What makes the greatest ever Olympian? Is it simply the athlete to have won the most gold medals? The athlete to challenge at the top of their discipline the longest at multiple Games? The athlete who was the most dominant? He or she who overcame the biggest adversity? Those who brought their best to the biggest stage and broke records? Lots of questions, but little in the way of answers until now… Scroll down to see the real top 10.
The main problem when attempting to ascertain the best Olympian of all time is that it is an exercise of personal opinion.
Many will say swimmer Michael Phelps, because he has won more golds than anyone else, others will opt for Jesse Owens, who overcome more adversity than anyone when winning four golds in Berlin in front of Adolf Hitler in 1936.
There is an argument for Fanny Blankers-Koen, the Dutch housewife who won four golds in 1948, playing an influential role in female athletics being more accepted in the mainstream.
Taken on their own merits, each of the above can lay reasonable claim to being the best ever Olympian, but we have attempted to use our own system to answer the question once and for all.
A few stipulations were laid out from the beginning, these included that an athlete had to have shown some longevity by competing in more than one Olympics and they had to have amassed a medal tally of at least five.
The criteria we used were as follows:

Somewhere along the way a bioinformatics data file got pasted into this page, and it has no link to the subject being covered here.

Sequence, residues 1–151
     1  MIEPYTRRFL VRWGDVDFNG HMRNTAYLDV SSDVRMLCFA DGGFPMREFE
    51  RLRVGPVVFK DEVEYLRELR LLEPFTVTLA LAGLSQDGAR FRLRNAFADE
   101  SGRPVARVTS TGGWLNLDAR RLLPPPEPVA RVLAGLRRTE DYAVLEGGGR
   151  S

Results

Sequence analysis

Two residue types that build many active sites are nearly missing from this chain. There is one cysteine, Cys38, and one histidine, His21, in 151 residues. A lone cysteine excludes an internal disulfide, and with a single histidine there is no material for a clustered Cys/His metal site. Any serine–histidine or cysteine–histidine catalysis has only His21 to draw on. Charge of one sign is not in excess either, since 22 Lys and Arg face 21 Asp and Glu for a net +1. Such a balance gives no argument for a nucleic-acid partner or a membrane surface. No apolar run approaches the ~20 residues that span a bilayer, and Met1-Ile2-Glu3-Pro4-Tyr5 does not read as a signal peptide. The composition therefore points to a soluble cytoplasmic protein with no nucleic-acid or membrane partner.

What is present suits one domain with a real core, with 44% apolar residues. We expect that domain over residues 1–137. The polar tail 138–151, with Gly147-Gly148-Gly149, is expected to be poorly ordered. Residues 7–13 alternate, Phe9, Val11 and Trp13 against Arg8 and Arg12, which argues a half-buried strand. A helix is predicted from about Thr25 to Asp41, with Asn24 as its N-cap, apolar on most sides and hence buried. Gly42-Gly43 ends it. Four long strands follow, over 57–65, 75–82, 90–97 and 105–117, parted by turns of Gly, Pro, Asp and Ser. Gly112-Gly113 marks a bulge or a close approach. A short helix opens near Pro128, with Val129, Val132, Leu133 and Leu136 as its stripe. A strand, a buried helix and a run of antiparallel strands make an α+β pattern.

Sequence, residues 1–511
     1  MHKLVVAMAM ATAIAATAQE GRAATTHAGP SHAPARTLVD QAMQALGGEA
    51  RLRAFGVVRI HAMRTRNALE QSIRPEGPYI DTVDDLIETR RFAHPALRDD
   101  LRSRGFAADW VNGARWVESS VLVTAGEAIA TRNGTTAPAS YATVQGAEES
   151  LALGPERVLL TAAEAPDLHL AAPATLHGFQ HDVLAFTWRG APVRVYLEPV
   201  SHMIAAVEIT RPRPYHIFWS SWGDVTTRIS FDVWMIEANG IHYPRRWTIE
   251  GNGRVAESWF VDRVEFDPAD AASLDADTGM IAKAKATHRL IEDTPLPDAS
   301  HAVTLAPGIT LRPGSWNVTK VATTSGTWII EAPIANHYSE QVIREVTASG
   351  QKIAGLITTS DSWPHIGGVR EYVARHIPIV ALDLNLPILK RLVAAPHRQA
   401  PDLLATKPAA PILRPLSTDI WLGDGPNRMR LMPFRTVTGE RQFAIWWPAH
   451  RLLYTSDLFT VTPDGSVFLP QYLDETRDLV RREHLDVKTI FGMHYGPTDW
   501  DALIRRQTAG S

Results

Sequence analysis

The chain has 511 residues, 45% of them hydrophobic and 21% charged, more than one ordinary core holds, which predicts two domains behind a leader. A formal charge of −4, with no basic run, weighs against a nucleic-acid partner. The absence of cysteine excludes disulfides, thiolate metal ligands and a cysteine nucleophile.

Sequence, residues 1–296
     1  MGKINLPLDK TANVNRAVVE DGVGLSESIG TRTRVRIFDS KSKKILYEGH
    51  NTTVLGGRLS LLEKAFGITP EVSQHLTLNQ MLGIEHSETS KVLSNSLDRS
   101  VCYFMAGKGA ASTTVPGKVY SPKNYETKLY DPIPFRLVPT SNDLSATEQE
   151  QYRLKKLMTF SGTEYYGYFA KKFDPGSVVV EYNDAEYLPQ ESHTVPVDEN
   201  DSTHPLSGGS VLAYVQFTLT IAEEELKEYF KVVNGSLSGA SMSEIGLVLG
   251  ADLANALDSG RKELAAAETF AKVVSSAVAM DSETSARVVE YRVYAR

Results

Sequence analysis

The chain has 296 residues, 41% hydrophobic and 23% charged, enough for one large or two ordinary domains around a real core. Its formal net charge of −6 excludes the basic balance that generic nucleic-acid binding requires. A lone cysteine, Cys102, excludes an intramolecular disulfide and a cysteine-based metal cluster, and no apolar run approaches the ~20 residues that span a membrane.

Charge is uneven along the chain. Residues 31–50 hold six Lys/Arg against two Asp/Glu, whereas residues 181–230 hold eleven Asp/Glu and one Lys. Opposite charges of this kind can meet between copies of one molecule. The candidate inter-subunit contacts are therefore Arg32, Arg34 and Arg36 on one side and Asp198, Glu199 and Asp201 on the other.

- * Total medals
- * Total gold medals
- * Total individual gold medals
- * Win %
- * Number of Olympics competed in
- * A coefficient score created from our own soon-to-be-not-secret formula
The formula involved the giving out of five points for a gold medal, three for a silver and one for a bronze. This tally was then divided by the number of different events the athlete had attempted to win gold in.
For example, Usain Bolt has competed in the 100m, 200m and 4x100m relay. His only medals have been six golds, 6×5=30 and 30/3 is 10. This gave Bolt a coefficient score of 10.
A different weighting was given to each criteria (win % was deemed the most important for the greatest athlete), then each athlete was ordered and allocated points for each metric.
This was done for every criteria and then each athlete had their total score totted up. The below graphic shows the final finishing order and more crucially, which athlete can rightfully claim to be the greatest in Olympic history:
10) Gert Fredriksson
Fredriksson is not only the most successful Swedish athlete in Olympics history, but additionally the most successful male canoeist of all time.
He won golds at four consecutive games and was the most unstoppable in the K1-1000m, when standing on top of the podium in 1948, 1952 and 1956.
9) Larisa Latynina
Latynina is the most successful female athlete of all time based on gold medals as she has nine to her name and has won medals in 18 of the 19 Olympic gymnastics events she has competed in.
Other records include being the only woman to win an all-around medal in a minimum of three Olympics.
8) Usain Bolt
Bolt is the first athlete since the Ancient Greek period to win six Olympic sprinting gold medals, having completed the double-triple of the 100m, 200m and 4x100m relay at both the 2008 and 2012 Olympics.
He also holds world records in all of these events.
Should Bolt add another three golds to his resume in Brazil, he will move even further up this ranking list, perhaps even threatening Lewis for the third podium spot.